A continuous recirculating fluidized bed adsorber system for the removal of organic contaminants from gas streams is disclosed in U.S. Pat. No. 4,231,764. The adsorbent material in the fluidized bed is treated in four stages. In stage 1, contaminants are adsorbed on the adsorbent; in stages 2 and 3, the high and low volatility components are stripped with hot regeneration gases; and in stage 4 the adsorbent is cooled and returned to the first stage. The regeneration gas may also be sent to a second adsorber system for increased enrichment.
U.S. Pat. No. 4,421,532 describes a low cooling duty VOC removal and recovery process from waste industrial gases. In this process, the VOCs are first adsorbed on an adsorbent and clean air is released to the environment. A hot inert regeneration gas is used for desorption, and the VOC-enriched stream is cooled to recover some of the VOC as a liquid. The rest of the cooled regeneration gas, still containing high VOC levels, is fed into an adsorber to produce an inert regenerating gas which is clean and available for regenerating another bed after heating. In this manner, the VOC is partially removed from the recirculating regenerating gas by cooling to moderate temperatures which reduces the cooling duty. This process requires an additional large adsorber to allow this closed loop readsorption step.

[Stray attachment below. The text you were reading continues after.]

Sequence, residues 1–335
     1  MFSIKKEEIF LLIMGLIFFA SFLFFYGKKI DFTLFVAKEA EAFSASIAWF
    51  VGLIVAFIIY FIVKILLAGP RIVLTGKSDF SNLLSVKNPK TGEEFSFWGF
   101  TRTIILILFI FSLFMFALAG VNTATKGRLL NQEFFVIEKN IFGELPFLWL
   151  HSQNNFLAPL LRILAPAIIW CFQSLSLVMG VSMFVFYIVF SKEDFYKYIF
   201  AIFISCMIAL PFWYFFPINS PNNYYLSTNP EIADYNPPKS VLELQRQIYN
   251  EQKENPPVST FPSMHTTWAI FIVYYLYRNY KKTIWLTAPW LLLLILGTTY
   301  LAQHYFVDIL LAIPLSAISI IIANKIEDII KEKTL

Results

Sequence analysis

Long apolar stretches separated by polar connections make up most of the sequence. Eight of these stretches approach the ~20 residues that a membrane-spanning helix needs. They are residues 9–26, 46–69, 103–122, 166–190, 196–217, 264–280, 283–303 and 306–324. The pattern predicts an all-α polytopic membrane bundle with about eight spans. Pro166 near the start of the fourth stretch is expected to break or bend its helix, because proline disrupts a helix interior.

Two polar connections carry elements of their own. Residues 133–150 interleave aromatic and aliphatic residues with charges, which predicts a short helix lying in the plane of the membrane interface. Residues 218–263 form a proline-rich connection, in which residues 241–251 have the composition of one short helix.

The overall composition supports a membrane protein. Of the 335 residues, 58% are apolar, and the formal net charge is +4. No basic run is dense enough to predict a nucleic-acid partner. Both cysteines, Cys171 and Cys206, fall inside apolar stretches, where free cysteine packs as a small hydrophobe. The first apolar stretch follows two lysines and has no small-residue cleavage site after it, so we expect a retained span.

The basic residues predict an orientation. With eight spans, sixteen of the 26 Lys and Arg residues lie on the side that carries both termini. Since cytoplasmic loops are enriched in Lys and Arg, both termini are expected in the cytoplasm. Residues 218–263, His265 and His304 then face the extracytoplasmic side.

A combined adsorption and condensation process for the recovery of VOCs from contaminated air streams is described in U.S. Pat. No. 4,480,393. In the process described, the VOC-laden stream is cleaned by adsorbing the VOC on an activated carbon bed. The cleaned air is exhausted or recycled through the adsorber. The desorption is carried out with a mixture of air and an inert gas so as to lower the concentration of oxygen below 11%. The desorption of the VOC is done at an elevated temperature. The carbon adsorber is desorbed with a gas recirculating through the bed in the desorption mode. A part of the desorbed stream is sent to a condenser to recover the VOC. The carrier gas from the condenser is either exhausted or recirculated to the desorbing gas or returned to a carbon bed in the adsorbing mode. Streams with relatively high concentrations of VOCs greater than 3000 ppmv are shown in the examples.
U.S. Pat. No. 5,198,001 discloses a process which combines adsorption and thermal oxidation for removal of VOCs from contaminated air streams. The adsorption of the VOCs is carried out in graded beds which contain particulates that can adsorb VOCs of different volatilities. The desorption is preferably done with a humid flue gas stream. The flue gas is generated by oxidizing the VOCs in an incinerator.
All of the above described processes are designed for removal of VOCs or other gaseous impurities from a gas stream in which the concentration of the contaminant is moderate to high (i.e. greater than 3000 ppmv).
As manufacturing processes are modified to improve utilization and reduce emissions of VOCs, the concentrations of residual VOCs in typical process carrier gas streams will become successively lower. The final removal of VOCs from these increasingly dilute gas streams in turn will become more expensive and energy intensive. There is a need for improved, energy-efficient methods to recover VOCs from these very dilute gas streams, particularly streams which contain less than about 1000 ppmv VOCs. The invention described below and defined in the claims which follow sets forth an improved method for VOC recovery from such gas streams.